In our last post, we introduced the idea of using a design sprint, along with its potential benefits. In today’s post, we will talk about what we did in the first 2 days.
Personas and User Journeys
This video outlines the first day of a design sprint which is about understanding the problem you are trying to solve.
We started by defining personas so we could understand our users and their needs. We created 4 personas:
- Nicole, the new grad
- Bao, the recruiter
- Ron, the experienced candidate
- Ahmed, the interviewer
In collaboration with the Capital One recruitment team, we listed traits for each user. For example, here’s Nicole, the new grad:
Next, we used the whiteboard to draw out the user journey - what processes do these personas go through to get what they need?
Discussing personas and user journeys was a valuable process in helping us understand who we are designing for, and what their requirements are.
This video outlines the second day of the DS which is all about formulating promising ideas and sketching these ideas into solutions.
The group started off with a quick refresher of the user journeys. We made sure to isolate any obvious pain points. Many of the pain points were associated with recruiters scheduling candidates and coordinating with interviewers. Solving the scheduling pain point became our goal. We walked through existing solutions to the scheduling problem. With a goal for what we were trying to solve along with ideas from an existing solution, the sketching began.
This sketching exercise was split into four steps, slightly different than the ones outlined in the video.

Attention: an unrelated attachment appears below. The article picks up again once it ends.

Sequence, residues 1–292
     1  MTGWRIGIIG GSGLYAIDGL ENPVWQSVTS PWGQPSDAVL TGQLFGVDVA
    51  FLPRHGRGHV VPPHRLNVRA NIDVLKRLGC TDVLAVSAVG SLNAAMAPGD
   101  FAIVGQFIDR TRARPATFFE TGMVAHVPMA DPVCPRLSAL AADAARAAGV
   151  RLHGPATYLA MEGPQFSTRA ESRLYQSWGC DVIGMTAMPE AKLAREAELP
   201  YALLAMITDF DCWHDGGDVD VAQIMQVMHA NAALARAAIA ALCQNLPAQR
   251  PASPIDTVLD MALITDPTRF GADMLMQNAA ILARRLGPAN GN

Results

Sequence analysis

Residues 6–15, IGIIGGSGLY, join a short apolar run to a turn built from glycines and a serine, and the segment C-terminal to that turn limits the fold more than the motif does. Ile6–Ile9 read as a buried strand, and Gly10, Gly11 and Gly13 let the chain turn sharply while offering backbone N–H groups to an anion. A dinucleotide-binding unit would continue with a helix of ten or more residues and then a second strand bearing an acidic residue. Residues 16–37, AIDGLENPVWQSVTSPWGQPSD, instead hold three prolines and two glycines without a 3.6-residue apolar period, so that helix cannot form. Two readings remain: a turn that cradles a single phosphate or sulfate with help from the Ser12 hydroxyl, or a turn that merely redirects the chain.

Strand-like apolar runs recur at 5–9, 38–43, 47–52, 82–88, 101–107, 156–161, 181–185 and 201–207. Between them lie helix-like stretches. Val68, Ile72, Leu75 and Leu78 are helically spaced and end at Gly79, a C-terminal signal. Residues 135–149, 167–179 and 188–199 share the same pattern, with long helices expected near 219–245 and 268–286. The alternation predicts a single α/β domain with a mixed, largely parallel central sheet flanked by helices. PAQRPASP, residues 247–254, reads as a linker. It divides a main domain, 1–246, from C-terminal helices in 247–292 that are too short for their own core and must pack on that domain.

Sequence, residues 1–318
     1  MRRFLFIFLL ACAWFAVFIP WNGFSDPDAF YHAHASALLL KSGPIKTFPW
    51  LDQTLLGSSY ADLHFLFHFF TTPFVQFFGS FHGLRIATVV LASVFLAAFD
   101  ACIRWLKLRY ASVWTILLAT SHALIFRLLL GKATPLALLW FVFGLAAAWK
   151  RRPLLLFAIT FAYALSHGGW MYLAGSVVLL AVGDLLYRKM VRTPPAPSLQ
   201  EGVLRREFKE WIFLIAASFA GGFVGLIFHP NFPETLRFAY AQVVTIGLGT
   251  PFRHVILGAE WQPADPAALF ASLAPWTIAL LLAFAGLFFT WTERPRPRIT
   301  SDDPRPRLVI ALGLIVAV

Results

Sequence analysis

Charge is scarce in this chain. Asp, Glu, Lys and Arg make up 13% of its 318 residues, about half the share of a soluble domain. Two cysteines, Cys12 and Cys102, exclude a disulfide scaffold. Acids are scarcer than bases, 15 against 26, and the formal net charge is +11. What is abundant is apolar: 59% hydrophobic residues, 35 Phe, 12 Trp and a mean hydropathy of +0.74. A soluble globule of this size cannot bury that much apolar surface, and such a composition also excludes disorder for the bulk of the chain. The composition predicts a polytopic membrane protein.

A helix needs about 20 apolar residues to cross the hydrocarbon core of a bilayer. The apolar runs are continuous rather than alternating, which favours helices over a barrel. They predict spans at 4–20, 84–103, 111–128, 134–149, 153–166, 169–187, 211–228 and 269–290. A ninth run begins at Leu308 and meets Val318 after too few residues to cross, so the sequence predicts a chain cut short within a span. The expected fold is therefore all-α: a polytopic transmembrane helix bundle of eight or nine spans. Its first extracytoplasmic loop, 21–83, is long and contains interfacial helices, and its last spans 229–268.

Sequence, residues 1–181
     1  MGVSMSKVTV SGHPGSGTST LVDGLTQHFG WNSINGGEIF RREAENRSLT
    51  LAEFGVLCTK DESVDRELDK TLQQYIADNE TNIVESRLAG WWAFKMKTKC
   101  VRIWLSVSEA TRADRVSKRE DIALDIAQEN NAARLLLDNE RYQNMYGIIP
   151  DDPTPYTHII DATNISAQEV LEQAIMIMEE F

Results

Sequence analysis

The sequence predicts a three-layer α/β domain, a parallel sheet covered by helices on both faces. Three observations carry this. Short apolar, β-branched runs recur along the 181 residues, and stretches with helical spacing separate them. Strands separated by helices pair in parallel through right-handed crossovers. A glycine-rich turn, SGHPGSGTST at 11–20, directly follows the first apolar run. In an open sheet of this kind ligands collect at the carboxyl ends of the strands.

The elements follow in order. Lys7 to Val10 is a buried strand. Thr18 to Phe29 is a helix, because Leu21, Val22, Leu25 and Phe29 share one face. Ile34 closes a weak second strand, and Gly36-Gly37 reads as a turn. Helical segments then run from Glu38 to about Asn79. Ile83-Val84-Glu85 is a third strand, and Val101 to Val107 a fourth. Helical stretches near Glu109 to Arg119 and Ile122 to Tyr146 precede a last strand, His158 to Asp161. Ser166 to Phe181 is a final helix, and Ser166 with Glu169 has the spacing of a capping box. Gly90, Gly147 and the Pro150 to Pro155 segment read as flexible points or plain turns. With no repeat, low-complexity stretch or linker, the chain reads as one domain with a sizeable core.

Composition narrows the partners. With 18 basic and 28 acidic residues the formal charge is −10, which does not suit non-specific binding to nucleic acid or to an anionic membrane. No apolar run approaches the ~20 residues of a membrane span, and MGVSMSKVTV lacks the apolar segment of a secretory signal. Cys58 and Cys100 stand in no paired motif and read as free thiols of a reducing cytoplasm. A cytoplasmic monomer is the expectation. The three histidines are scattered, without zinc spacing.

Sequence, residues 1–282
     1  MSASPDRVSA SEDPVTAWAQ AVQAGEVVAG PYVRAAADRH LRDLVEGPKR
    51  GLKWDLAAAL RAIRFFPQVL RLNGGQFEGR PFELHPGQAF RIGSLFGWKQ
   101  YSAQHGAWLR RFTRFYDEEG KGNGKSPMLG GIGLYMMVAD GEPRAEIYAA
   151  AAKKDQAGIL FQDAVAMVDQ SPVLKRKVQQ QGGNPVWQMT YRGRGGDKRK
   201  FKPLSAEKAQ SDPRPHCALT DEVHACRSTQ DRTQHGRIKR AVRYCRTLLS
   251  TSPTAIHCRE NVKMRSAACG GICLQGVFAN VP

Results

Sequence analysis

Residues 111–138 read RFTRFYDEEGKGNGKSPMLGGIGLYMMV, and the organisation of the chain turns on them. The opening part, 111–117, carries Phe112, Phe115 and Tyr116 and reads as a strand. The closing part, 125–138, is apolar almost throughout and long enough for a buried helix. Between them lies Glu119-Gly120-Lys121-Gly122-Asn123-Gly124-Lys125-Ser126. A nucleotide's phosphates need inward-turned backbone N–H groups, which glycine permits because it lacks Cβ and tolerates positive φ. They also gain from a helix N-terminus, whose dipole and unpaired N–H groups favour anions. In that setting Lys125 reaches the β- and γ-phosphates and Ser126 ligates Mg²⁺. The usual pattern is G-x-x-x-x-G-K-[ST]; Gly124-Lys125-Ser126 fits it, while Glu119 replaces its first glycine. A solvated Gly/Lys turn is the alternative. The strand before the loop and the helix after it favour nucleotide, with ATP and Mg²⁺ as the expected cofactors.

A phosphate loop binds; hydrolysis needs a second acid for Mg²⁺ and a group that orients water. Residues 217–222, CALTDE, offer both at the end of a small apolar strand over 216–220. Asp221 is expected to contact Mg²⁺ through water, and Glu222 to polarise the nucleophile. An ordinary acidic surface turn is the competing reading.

Step One: Digest
For 15 minutes, we sat with our thoughts and ideas and wrote down any ideas we felt were promising.
Step Two: Crazy 8s
Each member took a large sheet of paper and folded it three times to get eight sections. With this sectioned paper, we were encouraged to do one of three things: pick out eight of your ideas and draw one variation of each, pick out your best idea and draw eight variations of it, or do a combination of the two. This lasted about 15-30 minutes. These designs were drawn with little detail.
This is because we would be sharing our ideas, so it was not necessary that the designs be self-explanatory.
Step Three: Share and Vote
All the crazy 8 designs were taped up to the wall. Each of us took turns presenting our ideas. After all the presentations, we voted on the ideas we liked best by placing tiny circle stickers near the portion of the design we liked on each sheet. We then reviewed our most popular idea and moved it forward into the sketching stage.
Step Four: Sketch
In the last hour, members alone, or in pairs, began sketching a more detailed, self-explanatory version of the ideas from step 3. The entire flow of ideas were to be outlined, keeping in mind they would need to be mapped to a prototype later in the DS.
Some of us found that our ideas were much too abstract to be clearly conveyed to the group. So, we decided to make the goal of the sketching step laying out the flow of our different users. We were also encouraged to keep in mind the pain points discussed earlier and to think in terms of the presented ideas that we liked. At the end of the hour, we were given the option to hand in our sketches or to take the sketches home to complete over the weekend if they were unfinished.
In our next blog post, we will conclude this series by talking about the latter half of the design sprint and what we achieved.
Ealona Shmoel, Matthew Cabral, Mahtab Sabet, Sarmad Ali